Macronutrients: Food for fuel
Analysis of food to energy conversion to promote balanced diet
Published: Monday, September 12, 2011
Updated: Wednesday, July 25, 2012 22:07
Highlighting the benefits of a dynamic and healthy lifestyle, this wellness blog serves to educate Texas A&M students about smart food choices and strategic exercise.
Have you ever stopped to think, "What moves you?" In a car, gasoline combusts and the expanding gasses that are formed power the rotary motion by the power train. A car is a mode of transportation and it has an intricate system that is associated with its movement. Maybe you'd be surprised to learn that our bodies aren't much different! As transportation vessels ourselves, we need the right amount of fuel to be efficient machines.
As organisms, our form of gasoline comes from macronutrients: carbohydrates, fats and proteins.
What are macronutrients?
If you're like me, you've never really sat down to ponder our fuel source from a biological standpoint. Lets break it down:
Proteins (Lean meats, fish, poultry, eggs, milk, 1 gram protein = 4 calories): Carbon, hydrogen and nitrogen molecules that allow for muscle growth and repair, helping to stimulate the immune system.
Excess protein can lead to dehydration because protein metabolism requires extra water for urination and excretion. Excess protein is also stored as fat.
Carbohydrates (Potatoes, pasta, bread, fruits, vegetables, 1 gram carbohydrates = 4 calories): Our bodies use carbohydrates to make glucose which is the fuel that gives you energy and aid in ATP production. (ATP production = ENERGY).
All sugars are carbohydrates and with high sugar intake, our bodies convert it to insulin (a storage hormone), encouraging your body to store fat. Excess insulin makes your body weak and faint.
Fats (Saturated, unsaturated, 1 gram fat = 9 calories) Stigmatized as unhealthy, fats are actually essential to our bodies. They are important for brain development and also help prevent blood clotting and controlling inflammation. There are many different fat types that we can ingest, so here's a quick summary of the main two:
Saturated Fat(Whole milk, meats): These can cause high levels of "bad" cholesterol leading to various cardiovascular diseases. Saturated fats have no double bonded carbons, meaning they have a greater tendency to clump up in your blood stream.
Unsaturated Fat (Fish, vegetable oils): These are healthier, preferred fats because they are easier to break down and less likely to clump in your bloodstream due to their double bonded carbon molecular composition.
(For more detailed information on macronutrients, visit this site.)
The Importance of a Balance Diet
Say your car needs its oil changed, it's near empty on gasoline, and it has a flat tire. You change the oil, fill the tank with gasoline and you're off! Well, not exactly. Seems as if your car is constantly veering off track and then starts to sluggishly drag as friction from the asphalt wears your now rim-of-a-tire to a crisp. It goes without saying, in this situation, your car needs all three of these things in their proper proportions to work how it is supposed to work.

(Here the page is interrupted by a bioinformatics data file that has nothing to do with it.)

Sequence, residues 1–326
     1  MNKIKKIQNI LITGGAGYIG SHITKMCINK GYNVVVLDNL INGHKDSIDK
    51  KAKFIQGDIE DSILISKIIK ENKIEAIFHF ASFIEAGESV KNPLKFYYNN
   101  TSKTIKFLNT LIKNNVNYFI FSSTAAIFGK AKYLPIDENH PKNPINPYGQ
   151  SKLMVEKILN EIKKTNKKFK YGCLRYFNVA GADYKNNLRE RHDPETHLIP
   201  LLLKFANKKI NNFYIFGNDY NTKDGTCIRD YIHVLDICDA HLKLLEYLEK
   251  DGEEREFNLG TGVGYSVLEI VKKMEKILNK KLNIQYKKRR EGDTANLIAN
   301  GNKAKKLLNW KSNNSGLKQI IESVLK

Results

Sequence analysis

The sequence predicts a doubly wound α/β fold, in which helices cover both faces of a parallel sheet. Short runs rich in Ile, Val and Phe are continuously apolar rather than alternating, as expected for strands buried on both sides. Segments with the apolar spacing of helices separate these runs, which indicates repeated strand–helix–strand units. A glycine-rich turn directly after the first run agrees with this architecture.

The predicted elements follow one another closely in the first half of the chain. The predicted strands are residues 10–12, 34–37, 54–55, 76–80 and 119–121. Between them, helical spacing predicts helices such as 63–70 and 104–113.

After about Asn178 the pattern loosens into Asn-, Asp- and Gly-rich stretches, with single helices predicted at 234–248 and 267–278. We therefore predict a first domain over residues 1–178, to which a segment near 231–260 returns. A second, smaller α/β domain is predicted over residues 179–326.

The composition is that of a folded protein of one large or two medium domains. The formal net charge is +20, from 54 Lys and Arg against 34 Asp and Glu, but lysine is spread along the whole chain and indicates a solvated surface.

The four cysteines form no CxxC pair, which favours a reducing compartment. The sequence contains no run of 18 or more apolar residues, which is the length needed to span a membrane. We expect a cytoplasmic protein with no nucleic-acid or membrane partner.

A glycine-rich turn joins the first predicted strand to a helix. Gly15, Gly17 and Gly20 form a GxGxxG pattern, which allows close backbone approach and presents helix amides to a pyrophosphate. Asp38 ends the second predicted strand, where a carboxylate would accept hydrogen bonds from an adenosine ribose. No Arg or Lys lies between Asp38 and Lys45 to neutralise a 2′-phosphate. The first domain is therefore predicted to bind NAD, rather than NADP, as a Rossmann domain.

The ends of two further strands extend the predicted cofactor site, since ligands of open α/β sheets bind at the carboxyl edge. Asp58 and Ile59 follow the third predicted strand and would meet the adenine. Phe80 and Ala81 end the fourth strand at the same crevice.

If macronutrients are the fuel to move us, then every time we eat, it isn't simply a meal, but a nutritional tune-up. And with that tune-up there must come balance. According to the 2010 Dietary Guidelines For Americans, based on a 2000-calorie diet, we must consume 40 percent carbohydrates, 30 percent fat and 30 percent protein. The importance of this guideline is to challenge and educate Americans to be more conscientious of the food we eat. If we have an unbalanced diet, we, like cars without gasoline or oil, become inefficient and sluggish. With proper supplements, however, it increases our energy and metabolism. Our bodies become so efficient at metabolizing food that you can use this, otherwise lost energy, on other activities (such as running and studying). Understanding the gist of it could be enough to alter your thinking about your next meal. Now, if you remember earlier about macronutrients, there is a short equation about the calorie equivalency. These values are about to come into play. Here's a quick example of a 2000 calorie-a-day abiding meal:
With 400 calories per meal (for five meals in one day), you need:
30 percent of this meal to come from fats
30% of 400 calories = 120 calories
Dividing 120 calories by 9 calories/1g fat = 13g of fat
40 percent of this meal to come from carbohydrates
40 percent of 400 = 160 calories
Dividing 160 calories by 4 calories/1g carbohydrates = 40g carbohydrates